Mark Cavendish will race Tour of Britain 2021

The sprinting star won four stages at this year's Tour de France and looks back in top shape again

Mark Cavendish at the Tour de France 2021 in the green points jersey
(Image credit: Getty Images)

Mark Cavendish has been announced to be riding the 2021 edition of the Tour of Britain with his Deceuninck - Quick-Step team after a very successful season.

The sprinting star made an incredible comeback from the Epstein-Barr virus, which was diagnosed in 2017, to winning four stages of the 2021 Tour de France and the point jersey.

Cavendish is the first rider officially revealed to be riding the week-long race across Great Britain with this year's race starting in Penzance, Cornwall and finishing in the highlands of Scotland. 

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Speaking after the announcement, Cavendish said: "It is always an honour to race on the home roads of the Tour of Britain - It is a race where I have always enjoyed success and I am really looking forward to racing with what I know will be a strong Deceuninck - Quick-Step team.

"It has already been a special year for me and riding the Tour of Britain will be a great way to see so many of the people that have supported throughout."

For Cavendish, 10 of his 155  career wins have come at the Tour of Britain and the 'Manx Missile' is likely going to want to add to that tally. Especially after missing out on victory at the recent Tour of Denmark.

Just three or four stages of the Tour of Britain look like sprint stages with the rest being very challenging routes taking on tough climbs including stage four finish up the Great Orme in Llandudno as well as a stage three time trial.

Race director, Mick Bennett added: "We always pride ourselves on the quality of riders we attract, and the participation of Mark Cavendish in this year’s Tour of Britain will no doubt whet the appetite of the British public.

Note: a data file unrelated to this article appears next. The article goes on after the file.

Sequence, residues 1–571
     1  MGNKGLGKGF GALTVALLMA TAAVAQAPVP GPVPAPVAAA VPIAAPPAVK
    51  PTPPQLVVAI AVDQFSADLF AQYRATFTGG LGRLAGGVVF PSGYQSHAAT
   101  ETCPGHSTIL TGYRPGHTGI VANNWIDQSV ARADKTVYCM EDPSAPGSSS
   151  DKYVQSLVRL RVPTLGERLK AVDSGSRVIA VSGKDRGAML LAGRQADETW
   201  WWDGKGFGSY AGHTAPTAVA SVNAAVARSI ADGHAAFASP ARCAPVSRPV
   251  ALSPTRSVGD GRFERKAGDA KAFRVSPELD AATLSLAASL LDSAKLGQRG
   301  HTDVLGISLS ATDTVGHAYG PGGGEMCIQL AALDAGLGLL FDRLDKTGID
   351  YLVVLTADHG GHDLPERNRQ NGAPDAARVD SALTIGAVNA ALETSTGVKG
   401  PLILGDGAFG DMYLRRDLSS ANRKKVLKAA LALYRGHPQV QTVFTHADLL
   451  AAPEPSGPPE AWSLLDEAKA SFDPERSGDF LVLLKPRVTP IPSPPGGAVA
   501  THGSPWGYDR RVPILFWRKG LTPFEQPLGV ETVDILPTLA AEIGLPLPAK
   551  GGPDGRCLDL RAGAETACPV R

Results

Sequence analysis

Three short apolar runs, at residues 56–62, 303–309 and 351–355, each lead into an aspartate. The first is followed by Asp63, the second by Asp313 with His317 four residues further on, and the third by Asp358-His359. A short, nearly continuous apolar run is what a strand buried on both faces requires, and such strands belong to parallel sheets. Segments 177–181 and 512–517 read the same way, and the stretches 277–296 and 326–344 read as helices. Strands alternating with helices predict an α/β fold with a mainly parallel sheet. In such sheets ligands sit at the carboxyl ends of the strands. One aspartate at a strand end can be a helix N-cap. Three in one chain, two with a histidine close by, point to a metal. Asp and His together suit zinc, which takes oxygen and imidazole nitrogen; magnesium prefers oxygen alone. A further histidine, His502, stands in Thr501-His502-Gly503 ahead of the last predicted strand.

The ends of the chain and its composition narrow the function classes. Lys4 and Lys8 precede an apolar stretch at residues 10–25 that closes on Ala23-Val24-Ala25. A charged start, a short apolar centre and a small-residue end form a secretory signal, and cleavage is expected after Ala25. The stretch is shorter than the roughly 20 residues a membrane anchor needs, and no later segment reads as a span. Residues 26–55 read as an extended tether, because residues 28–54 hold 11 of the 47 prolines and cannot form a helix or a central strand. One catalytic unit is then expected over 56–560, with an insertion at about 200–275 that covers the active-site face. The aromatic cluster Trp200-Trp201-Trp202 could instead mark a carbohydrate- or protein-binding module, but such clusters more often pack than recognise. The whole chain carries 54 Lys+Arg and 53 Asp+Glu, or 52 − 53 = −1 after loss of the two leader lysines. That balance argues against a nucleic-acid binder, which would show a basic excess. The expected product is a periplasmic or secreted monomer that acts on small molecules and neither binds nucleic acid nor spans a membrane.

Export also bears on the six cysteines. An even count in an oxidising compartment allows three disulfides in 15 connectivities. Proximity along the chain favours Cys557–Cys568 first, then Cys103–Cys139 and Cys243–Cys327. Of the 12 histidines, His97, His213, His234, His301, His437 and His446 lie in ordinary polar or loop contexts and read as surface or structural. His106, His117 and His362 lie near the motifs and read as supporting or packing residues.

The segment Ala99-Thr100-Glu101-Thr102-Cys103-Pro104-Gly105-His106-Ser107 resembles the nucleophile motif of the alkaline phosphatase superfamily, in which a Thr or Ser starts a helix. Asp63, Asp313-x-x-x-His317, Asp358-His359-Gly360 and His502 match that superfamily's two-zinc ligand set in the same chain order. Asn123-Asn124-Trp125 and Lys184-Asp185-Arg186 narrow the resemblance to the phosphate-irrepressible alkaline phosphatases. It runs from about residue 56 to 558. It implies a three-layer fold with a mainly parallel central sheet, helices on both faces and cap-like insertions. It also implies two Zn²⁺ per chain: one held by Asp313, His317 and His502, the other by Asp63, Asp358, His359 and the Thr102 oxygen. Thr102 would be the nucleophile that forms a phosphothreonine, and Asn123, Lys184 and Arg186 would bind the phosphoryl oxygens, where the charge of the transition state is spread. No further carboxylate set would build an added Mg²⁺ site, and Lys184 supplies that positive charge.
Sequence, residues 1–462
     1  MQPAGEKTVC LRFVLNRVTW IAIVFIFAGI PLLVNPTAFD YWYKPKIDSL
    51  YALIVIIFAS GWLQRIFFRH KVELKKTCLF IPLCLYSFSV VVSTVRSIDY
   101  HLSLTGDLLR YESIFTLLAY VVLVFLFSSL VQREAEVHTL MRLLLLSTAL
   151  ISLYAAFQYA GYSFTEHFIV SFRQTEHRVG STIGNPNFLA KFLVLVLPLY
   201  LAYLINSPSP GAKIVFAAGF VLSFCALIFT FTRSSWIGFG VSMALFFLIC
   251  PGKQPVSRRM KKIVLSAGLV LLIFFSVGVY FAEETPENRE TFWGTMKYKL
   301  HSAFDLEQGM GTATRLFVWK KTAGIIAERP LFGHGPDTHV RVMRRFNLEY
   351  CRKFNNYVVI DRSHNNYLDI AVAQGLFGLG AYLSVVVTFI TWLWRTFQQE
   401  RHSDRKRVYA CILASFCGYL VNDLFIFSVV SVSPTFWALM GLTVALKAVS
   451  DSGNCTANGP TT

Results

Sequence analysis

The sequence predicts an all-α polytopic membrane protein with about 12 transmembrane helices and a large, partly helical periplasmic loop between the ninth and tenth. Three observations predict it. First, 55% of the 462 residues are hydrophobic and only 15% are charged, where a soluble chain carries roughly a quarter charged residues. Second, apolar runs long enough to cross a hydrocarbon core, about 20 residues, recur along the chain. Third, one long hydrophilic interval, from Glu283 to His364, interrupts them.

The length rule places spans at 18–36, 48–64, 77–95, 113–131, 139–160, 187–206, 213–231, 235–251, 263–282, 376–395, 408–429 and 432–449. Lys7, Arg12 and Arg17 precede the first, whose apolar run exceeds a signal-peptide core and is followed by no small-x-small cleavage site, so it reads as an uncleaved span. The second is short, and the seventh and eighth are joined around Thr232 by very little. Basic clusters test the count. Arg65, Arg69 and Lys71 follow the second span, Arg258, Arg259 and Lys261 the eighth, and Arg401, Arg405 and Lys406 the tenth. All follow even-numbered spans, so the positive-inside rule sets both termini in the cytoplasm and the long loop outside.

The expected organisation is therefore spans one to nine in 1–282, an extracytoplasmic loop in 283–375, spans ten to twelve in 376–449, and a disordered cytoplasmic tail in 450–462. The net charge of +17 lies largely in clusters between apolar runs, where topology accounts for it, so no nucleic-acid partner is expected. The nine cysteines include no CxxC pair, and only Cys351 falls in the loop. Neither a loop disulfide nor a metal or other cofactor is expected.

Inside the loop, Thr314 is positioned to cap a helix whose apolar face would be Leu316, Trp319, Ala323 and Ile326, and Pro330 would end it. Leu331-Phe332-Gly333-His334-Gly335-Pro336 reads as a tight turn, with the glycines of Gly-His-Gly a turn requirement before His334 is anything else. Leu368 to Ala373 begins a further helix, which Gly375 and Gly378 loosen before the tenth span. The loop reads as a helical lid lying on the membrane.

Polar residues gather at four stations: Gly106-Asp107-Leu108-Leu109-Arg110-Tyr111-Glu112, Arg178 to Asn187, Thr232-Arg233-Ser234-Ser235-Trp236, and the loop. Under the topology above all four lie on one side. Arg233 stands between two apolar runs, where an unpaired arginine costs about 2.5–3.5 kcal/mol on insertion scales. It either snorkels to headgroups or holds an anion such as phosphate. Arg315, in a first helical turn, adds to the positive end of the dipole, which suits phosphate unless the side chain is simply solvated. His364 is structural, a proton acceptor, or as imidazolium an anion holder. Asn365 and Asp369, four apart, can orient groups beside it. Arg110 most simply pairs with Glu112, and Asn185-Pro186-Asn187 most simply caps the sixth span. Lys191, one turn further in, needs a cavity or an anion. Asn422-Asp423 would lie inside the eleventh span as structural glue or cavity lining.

"He’s a true great of our sport – something he has proved once again throughout his unforgettable 2021 season – and I cannot wait to see him on the start line in Penzance."

The Tour of Britain starts on Sunday, September 5 with a stage from Penzance to Bodmin over a 180.5km course.

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Tim Bonville-Ginn

Hi, I'm one of Cycling Weekly's content writers for the web team responsible for writing stories on racing, tech, updating evergreen pages as well as the weekly email newsletter. Proud Yorkshireman from the UK's answer to Flanders, Calderdale, go check out the cobbled climbs!

I started watching cycling back in 2010, before all the hype around London 2012 and Bradley Wiggins at the Tour de France. In fact, it was Alberto Contador and Andy Schleck's battle in the fog up the Tourmalet on stage 17 of the Tour de France.

It took me a few more years to get into the journalism side of things, but I had a good idea I wanted to get into cycling journalism by the end of year nine at school and started doing voluntary work soon after. This got me a chance to go to the London Six Days, Tour de Yorkshire and the Tour of Britain to name a few before eventually joining Eurosport's online team while I was at uni, where I studied journalism. Eurosport gave me the opportunity to work at the world championships in Harrogate back in the awful weather.

After various bar jobs, I managed to get my way into Cycling Weekly in late February of 2020 where I mostly write about racing and everything around that as it's what I specialise in but don't be surprised to see my name on other news stories.

When not writing stories for the site, I don't really switch off my cycling side as I watch every race that is televised as well as being a rider myself and a regular user of the game Pro Cycling Manager. Maybe too regular.

My bike is a well used Specialized Tarmac SL4 when out on my local roads back in West Yorkshire as well as in northern Hampshire with the hills and mountains being my preferred terrain.